Heat pumps at work

Everything you need to know about heat pumps

The spotlight has been placed firmly on heat pumps for homes in the UK, as a way to tackle the cost of living crisis, rising utility bills and concerns about climate change in one fell swoop.

With a nil rate of VAT introduced on heat pump prices for the next five years, as well as grants of up to £5,000 from the government to cover the cost of a heat pump boiler upgrade, the incentives are in place to make now the time to switch.

So how do heat pumps stack up in terms of energy cleanliness, cost and security – and are they really a silver bullet for household energy bills and carbon emissions?

What is a heat pump?

A heat pump system works by capturing heat from outside your property and bringing it inside where it can be used for central heating or to heat your hot water.

There are several types of heat pump including air source heat pumps and water source heat pumps, although the most commonly known are ground source heat pumps, which draw up thermal energy from deep below the ground.

Heat pump systems need a small amount of electricity to run. However, the heat they bring in is recovered from the environment and has no intrinsic carbon footprint, and heat pump running costs are generally very low.

How does a heat pump work?

In general, heat pumps work by compressing a refrigerant gas, which increases its pressure and temperature. As this heat is released into your property, the gas expands again, and the cycle begins once more.

This simple principle is at the heart of ground source heat pumps, air source heat pumps and water source heat pumps alike, as well as powering your heat pump water heater or your heat pump central heating.

A key difference depends on the source of the thermal energy brought into your premises, and we’ll look in more detail at this below when we list the different types of heat pump system.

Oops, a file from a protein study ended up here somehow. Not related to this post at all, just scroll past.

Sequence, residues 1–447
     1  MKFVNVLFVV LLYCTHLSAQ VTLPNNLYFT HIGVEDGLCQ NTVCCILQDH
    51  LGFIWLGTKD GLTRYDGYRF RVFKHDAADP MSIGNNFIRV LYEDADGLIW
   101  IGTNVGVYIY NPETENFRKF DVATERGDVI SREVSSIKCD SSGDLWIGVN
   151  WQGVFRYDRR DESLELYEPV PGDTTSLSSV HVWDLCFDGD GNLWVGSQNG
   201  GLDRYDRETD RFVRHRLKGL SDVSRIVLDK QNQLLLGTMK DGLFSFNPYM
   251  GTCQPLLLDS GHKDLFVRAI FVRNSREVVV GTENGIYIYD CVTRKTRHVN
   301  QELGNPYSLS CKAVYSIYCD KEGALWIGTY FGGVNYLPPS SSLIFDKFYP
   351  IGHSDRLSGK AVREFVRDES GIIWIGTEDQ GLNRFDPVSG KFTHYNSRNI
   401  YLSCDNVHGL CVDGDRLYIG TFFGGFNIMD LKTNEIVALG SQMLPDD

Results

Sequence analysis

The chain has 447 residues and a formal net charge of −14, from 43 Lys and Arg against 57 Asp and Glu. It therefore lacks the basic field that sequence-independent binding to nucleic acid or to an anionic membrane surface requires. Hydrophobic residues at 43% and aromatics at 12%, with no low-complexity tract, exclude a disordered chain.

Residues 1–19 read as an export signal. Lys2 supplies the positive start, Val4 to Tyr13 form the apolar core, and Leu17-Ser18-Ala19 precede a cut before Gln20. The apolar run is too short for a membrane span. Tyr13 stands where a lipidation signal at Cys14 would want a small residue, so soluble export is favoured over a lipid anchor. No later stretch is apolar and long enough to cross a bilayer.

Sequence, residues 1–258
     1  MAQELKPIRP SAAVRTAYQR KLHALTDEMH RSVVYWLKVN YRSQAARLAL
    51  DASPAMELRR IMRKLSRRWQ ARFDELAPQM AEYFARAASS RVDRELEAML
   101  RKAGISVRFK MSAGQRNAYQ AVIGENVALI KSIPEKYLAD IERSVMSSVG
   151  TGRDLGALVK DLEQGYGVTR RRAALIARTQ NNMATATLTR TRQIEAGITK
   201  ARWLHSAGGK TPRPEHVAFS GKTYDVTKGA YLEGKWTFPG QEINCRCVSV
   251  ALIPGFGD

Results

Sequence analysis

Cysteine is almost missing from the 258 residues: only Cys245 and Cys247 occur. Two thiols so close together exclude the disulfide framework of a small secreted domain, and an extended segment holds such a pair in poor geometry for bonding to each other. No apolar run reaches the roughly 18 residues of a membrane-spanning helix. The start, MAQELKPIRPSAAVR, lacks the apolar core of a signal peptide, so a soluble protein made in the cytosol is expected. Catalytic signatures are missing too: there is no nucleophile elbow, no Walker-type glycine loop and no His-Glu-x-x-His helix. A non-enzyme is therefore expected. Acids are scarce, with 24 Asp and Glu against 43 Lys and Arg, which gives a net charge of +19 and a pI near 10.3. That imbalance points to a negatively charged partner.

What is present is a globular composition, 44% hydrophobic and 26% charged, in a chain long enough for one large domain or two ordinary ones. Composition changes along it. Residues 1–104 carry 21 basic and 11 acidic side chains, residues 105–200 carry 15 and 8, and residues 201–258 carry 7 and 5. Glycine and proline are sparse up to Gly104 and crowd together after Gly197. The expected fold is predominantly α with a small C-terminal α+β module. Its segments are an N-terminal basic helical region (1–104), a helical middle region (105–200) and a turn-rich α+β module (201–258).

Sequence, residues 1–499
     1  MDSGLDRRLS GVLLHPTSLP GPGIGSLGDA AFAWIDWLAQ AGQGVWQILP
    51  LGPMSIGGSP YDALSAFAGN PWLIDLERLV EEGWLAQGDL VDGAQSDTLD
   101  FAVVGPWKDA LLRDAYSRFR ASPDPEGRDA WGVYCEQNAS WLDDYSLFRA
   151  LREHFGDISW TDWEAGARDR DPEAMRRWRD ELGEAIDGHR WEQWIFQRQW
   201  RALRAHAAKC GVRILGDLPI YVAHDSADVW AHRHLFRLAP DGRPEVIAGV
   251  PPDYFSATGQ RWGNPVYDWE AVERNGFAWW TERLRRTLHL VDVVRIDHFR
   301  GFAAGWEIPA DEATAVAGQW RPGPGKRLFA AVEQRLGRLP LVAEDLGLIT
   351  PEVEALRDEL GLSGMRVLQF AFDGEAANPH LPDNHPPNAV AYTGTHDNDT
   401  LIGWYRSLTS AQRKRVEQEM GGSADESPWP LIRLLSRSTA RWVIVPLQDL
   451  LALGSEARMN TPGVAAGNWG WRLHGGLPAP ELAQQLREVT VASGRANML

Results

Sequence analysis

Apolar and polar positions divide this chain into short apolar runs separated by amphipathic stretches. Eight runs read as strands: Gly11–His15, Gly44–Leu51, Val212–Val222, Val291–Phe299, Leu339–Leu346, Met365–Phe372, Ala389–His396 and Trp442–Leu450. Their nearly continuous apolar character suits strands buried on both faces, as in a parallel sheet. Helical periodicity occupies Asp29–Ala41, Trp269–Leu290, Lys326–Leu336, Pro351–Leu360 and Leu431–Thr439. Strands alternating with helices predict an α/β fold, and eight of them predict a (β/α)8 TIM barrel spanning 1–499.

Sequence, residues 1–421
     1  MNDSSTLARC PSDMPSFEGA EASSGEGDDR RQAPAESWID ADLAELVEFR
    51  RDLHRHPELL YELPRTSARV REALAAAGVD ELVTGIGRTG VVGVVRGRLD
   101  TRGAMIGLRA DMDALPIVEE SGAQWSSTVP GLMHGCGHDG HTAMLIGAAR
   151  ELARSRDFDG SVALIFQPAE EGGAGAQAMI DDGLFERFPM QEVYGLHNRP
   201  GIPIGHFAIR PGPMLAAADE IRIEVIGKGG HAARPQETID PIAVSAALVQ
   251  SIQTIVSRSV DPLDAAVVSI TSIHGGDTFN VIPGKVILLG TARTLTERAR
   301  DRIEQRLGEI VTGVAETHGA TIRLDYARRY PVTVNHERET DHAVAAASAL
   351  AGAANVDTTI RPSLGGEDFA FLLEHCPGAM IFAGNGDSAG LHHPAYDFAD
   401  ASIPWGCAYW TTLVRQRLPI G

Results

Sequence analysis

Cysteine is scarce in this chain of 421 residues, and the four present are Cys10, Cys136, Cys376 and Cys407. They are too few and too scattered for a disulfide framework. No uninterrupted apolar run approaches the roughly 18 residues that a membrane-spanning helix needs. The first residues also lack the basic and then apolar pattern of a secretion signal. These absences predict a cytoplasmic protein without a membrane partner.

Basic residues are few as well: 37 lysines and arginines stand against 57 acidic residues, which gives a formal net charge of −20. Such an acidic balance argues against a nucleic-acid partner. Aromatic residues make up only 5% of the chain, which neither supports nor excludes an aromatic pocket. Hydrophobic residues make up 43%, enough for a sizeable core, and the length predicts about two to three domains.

Is a heat pump better for the environment?

While heat pumps are currently being discussed in terms of energy prices, they have been around for a long time as a supposedly eco-friendly alternative to conventional boilers.

As the Energy Saving Trust explains, heat pumps are very efficient. For every unit of electricity they use, they typically give out several units of thermal energy – a ratio called the heat pump system’s Coefficient of Performance, or CoP.

The best heat pump in theory is the one with the highest CoP. There are seasonal variations in the CoP, but heat pumps work all year round, even in the winter.

Because of this, the best heat pump central heating will usually be significantly better for the environment in terms of carbon emissions and fossil fuel consumption, making them a more sustainable long-term option for warmer homes and eco-friendly heat pump water heaters.

The boiler upgrade scheme

In April 2022, the government launched the Boiler Upgrade Scheme, offering grants of up to £5,000 for homeowners to install low-carbon heating systems including heat pump boilers.

To qualify, homeowners must have a newly installed eligible low-carbon heating system commissioned (i.e. completed and turned on for the first time) on or after April 1st 2022, with applications for grants and payments starting about seven weeks later on May 23rd.

Under the scheme, homeowners can qualify for:

    • £5,000 to install a biomass boiler in a rural property with no mains gas connection
    • £5,000 to install an air source heat pump in any property
    • £6,000 to install a ground source heat pump in any property

Eligibility is open to people:

    • who own a property in England or Wales
    • with an installation capacity of up to 45kWth (most domestic properties)